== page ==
CBA Rumors

If Coon looks more the part of office-dweller than NBA revolutionary, there’s a reason for it. He spends his days in the information technology offices at UC Irvine, managing major projects and evangelizing business analytics. But over the course of more than 15 years, he’s used his nights to become an indispensable part of the NBA fabric, operating the go-to reference used by teams, players, agents and reporters. When it comes to understanding the rules that get your favorite players to and from your favorite teams, Coon is the person people turn to.
His “CBA FAQ” has become a staple in web browsers around the league, breaking down the 154,274-word collective bargaining agreement – approximately the same length as “The Grapes of Wrath” – that lays out the financial rules for the NBA into more palatable terms. Before Golden State general manager Bob Myers won the 2015 Executive of the Year award and built a team that won a single-season record 73 games and signed the biggest free agent available in Kevin Durant, he was merely a law student with a thirst for NBA knowledge. To quench it, he tried to study the CBA. “Anyone who knows and has tried to do it, it’s very dense,” Myers said. “Larry was the first person to break it down into layman’s terms, into ways that were succinct, efficient.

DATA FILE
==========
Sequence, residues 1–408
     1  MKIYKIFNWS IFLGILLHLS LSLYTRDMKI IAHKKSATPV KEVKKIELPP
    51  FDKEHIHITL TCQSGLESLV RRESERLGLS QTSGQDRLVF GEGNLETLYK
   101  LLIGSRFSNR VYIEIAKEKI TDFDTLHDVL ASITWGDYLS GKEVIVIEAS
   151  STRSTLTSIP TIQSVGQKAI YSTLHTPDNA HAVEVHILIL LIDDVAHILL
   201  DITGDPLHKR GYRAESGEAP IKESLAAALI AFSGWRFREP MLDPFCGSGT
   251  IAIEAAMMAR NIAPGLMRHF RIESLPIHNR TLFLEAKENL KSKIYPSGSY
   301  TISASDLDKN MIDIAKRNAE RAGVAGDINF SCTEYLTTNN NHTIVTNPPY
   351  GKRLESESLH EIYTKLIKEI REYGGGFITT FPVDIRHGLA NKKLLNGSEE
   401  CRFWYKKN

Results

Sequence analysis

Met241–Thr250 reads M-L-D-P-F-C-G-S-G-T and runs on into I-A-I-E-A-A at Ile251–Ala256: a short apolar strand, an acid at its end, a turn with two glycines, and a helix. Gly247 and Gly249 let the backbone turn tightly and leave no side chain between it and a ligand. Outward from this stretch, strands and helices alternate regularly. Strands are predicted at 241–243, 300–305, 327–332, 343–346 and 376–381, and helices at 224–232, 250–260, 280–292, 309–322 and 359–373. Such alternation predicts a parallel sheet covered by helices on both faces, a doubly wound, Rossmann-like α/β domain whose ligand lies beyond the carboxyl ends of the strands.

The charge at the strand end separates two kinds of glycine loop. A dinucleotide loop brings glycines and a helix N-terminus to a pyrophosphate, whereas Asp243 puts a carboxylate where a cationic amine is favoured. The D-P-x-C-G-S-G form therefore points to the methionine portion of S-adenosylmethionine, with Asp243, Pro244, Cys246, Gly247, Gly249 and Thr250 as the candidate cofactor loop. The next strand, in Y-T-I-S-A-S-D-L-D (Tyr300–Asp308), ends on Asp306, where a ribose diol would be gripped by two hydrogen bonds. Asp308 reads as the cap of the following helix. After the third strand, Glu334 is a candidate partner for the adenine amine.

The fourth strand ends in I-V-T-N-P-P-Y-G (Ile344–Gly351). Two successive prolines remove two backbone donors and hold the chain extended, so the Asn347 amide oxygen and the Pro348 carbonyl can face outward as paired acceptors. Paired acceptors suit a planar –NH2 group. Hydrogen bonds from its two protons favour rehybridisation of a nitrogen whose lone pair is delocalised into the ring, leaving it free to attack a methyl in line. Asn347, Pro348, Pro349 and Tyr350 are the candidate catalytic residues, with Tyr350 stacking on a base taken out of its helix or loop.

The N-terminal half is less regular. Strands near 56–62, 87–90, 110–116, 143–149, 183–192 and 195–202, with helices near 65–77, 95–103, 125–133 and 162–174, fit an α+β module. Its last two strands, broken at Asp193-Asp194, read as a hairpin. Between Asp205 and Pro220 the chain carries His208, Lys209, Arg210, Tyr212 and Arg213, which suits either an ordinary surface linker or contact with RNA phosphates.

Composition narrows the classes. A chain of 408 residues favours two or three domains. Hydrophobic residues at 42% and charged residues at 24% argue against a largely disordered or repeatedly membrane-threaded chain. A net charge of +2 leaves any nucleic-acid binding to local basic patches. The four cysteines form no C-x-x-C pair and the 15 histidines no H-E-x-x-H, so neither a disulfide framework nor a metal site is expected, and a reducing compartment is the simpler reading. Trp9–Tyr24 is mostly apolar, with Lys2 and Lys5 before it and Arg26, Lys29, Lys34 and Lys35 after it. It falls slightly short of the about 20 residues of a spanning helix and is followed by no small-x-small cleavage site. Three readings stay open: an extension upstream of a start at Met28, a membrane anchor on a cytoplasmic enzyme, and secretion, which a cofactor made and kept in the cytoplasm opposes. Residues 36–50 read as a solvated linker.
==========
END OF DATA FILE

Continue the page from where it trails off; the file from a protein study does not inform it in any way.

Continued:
Coon’s original FAQ, which published in 1999, was a constantly evolving project, being updated in between the naps of his newborn daughter Megan. People who were interested had questions, and they turned to Coon for answers. He called the league office, asking questions about the CBA. No one, at least no one as enthusiastic and as smart as Coon, had called and been so inquisitive. “He had more of an appetite than most for that kind of stuff,” NBA deputy general counsel Dan Rube said.
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Q: Will you be back at the collective-bargaining table next year? Adam Silver: Well, we’re back at the table already. While we and the union have agreed that we’re not going to talk publicly about the substance of our discussions, neither side has made it a secret that we’re talking and that the goal is, of course, to avoid any type of work stoppage whatsoever. I feel fairly confident that, based on the tone of these discussions thus far, based on the sense of trust and the amount of respect among the parties, that we should be able to avoid any kind of public labor issue and that the things we need to get done will get done behind closed doors.
Storyline: CBA talks
Q: The executive director of the players’ union, Michele Roberts, gave an interview where she called salary caps un-American. What is your relationship with her like? Adam Silver: The communication is very direct between Michele and me. As a still relatively new head of the union, I think she is establishing herself, and it’s not for me to say what she should be saying publicly or otherwise. What I care most about is what is said across the bargaining table. We have built a relationship. We’re in the process of growing that relationship. I have tremendous respect for her. She has never made any issues personal. And to the extent she’s said things publicly, I think she’s made a distinction between what may be a personal point of view and a position that the union is taking.